Although little is known about the Genuese variety they used to grow, Volkamer indicated that it was very similar (besides the taste in which the Genuese was reported to be not as good) to the one illustrated by him as well as by Ferrari as the Cedro Ordinario, and they seem to be very close in nature and form to the Diamante of today.
Most adherent to the Diamante variety of Calabria are still the Chabad's who's late Rabbi's were always in support for this traditional variety. Among the other Hasidic sects it is most used by the Satmars.
While Calabria is at the southern point of Italy, and its climate most Mediterranean, it is the most suitable for the citron. Even though, during the winter it is still too cold for the citron, and this is why the farmers need to protect them with blue or green plastic covers. Most of the citron trees in the area are grafted onto foreign rootstock, to save them from freeze and all different kinds of illness. While this practice renders their fruits to non-kosher for the ritual, no citron is to be picked off unless the tree is carefully inspected by a mashgiach.
A Jewish delegation comes from Israel to Santa Maria del Cedro every year between July and August to choose the best fruit to be used in the most important holiday for the Jewish community. The selection of the best fruit is a virtual ritual. The mashgichim, each followed by a peasant carrying a box and a pair of scissors, go to the citron farms at five in the morning. The mashgiach proceeds slowly looking left and right. Then he stops and looks at the base of the tree, right where the trunk comes up from the ground. A smooth trunk means the tree has not been grafted and the fruit can be picked. The mashgiach lies down on the ground to examine better the lower branches between the leaves.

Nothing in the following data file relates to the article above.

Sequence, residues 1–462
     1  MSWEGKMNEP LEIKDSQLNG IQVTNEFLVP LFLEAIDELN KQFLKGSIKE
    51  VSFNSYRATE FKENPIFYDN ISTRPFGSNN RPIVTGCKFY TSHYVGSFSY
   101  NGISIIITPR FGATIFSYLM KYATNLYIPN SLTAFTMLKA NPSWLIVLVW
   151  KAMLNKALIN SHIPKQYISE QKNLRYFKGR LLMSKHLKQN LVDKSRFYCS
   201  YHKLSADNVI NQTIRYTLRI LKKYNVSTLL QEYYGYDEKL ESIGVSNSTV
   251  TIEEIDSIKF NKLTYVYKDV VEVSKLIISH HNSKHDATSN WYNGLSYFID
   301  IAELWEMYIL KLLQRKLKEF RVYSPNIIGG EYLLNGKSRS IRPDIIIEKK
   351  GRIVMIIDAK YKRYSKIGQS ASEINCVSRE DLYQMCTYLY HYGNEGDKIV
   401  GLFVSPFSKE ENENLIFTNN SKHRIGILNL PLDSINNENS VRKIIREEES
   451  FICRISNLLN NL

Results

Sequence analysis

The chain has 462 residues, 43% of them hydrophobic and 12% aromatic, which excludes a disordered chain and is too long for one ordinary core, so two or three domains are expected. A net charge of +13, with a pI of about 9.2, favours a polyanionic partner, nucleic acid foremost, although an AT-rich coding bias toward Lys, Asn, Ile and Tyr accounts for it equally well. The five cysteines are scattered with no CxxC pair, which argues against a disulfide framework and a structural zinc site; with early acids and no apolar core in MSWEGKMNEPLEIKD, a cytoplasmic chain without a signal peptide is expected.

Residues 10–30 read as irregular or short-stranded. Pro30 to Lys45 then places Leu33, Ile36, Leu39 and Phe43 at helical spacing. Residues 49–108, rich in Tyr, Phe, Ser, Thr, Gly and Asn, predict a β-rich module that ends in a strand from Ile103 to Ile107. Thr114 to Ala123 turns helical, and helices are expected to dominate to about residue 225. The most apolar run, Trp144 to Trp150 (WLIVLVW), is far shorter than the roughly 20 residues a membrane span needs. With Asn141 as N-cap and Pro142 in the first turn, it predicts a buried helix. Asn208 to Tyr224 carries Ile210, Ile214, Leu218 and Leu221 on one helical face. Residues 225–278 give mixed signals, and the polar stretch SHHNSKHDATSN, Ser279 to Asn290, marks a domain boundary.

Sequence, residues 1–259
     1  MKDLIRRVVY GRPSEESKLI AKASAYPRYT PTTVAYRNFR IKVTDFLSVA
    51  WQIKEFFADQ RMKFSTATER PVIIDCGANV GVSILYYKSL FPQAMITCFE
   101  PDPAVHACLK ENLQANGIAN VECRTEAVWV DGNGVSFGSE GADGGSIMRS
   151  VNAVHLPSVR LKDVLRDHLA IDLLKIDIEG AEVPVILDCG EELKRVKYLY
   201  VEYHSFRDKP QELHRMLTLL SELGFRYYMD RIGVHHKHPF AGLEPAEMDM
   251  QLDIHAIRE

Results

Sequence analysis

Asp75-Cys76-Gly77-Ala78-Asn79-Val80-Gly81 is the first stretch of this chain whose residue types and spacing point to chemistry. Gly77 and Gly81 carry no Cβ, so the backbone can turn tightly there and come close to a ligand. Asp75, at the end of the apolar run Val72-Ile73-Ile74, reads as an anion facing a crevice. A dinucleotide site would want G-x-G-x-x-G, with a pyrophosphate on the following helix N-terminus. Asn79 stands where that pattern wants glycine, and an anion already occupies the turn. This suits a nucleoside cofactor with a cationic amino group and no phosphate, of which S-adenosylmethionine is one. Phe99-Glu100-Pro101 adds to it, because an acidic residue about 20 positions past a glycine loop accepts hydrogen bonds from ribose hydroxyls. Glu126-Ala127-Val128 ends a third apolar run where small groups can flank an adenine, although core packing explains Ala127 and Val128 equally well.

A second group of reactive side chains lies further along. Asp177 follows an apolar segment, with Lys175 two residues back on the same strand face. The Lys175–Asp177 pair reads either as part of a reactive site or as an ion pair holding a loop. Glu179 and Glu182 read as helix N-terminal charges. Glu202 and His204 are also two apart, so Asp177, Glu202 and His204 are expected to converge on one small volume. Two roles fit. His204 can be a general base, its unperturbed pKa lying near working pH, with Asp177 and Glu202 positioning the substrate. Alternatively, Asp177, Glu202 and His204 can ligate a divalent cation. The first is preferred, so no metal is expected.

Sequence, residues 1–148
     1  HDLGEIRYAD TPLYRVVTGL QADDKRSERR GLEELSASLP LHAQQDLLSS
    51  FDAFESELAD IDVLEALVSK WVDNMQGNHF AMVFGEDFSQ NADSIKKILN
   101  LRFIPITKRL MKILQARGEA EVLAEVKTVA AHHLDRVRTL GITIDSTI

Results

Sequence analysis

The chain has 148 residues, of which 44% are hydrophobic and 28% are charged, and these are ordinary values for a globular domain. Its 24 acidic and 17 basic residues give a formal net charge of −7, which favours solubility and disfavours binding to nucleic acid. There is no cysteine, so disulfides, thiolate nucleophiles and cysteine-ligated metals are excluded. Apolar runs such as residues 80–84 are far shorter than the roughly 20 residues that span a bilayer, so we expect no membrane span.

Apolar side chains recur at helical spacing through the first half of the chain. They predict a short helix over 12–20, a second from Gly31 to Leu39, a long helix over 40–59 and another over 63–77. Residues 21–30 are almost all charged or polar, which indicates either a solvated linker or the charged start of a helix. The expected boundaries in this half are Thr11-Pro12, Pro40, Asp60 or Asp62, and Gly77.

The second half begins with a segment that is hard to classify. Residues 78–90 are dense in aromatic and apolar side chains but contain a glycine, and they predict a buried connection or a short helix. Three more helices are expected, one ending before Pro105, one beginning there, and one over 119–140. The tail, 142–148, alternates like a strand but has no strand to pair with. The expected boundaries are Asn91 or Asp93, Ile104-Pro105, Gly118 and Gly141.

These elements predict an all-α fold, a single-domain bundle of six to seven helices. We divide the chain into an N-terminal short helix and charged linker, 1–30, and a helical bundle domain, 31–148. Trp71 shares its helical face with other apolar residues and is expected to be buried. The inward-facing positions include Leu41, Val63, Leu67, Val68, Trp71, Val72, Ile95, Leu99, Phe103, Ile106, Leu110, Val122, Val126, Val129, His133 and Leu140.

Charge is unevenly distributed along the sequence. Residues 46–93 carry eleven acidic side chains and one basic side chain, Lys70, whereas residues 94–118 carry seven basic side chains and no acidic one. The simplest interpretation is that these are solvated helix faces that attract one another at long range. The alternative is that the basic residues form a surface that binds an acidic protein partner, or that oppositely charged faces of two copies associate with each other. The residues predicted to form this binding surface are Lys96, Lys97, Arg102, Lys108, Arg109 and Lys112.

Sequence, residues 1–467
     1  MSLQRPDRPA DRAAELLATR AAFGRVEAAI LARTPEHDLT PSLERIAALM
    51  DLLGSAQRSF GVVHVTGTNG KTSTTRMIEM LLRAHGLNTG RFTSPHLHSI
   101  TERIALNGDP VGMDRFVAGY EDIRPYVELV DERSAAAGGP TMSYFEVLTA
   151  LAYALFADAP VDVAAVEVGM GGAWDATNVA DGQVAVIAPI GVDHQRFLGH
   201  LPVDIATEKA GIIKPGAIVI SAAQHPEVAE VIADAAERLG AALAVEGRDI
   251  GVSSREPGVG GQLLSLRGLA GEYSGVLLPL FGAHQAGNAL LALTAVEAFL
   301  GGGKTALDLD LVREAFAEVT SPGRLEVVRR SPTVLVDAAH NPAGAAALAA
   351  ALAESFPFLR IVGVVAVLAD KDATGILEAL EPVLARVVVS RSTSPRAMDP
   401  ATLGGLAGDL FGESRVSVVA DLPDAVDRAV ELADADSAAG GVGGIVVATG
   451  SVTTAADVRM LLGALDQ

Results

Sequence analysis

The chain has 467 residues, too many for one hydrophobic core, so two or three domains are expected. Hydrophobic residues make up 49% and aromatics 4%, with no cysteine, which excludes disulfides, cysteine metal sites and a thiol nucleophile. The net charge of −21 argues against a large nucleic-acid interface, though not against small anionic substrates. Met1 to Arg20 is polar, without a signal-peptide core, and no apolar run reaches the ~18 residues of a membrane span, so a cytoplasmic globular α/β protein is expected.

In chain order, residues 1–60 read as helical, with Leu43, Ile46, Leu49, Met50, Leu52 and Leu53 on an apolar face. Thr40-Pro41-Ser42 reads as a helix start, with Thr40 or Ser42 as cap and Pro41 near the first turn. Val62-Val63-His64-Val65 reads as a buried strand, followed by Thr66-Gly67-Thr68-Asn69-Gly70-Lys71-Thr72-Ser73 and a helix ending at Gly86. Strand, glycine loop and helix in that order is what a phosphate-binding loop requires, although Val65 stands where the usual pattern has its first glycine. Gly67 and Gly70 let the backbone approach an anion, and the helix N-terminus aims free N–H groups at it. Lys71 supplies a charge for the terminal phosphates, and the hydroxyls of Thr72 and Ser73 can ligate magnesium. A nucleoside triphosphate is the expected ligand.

Once the good fruit is found, the mashgiach shows it to the peasant who cuts it off leaving a piece of the stalk. Then the mashgiach analyses the picked citron one more time and if he decides it is worthy he wraps it in oakum and puts it in the box. The farmer receives the agreed sum for each picked fruit. Then the boxes are sealed and sent to the Lamezia Terme airport with a final destination Tel Aviv.
Although Diamante is also growing in Puerto Rico, Sicily and Sardinia, their etrogs are not used for the Jewish ritual, since no kashrut certification was present at tranplantation. Seeds and cuttings of inspected trees were planted in the Israeli village of Kfar Chabad, with the hechsher certification by major kashrut organizations.
The methods for tree checking to verify if the tree is grafted or not, were established by a board of rabbi's in Israel by year 1877 as described in Kuntres Pri Etz Hadar which was published in Jerusalem a year after.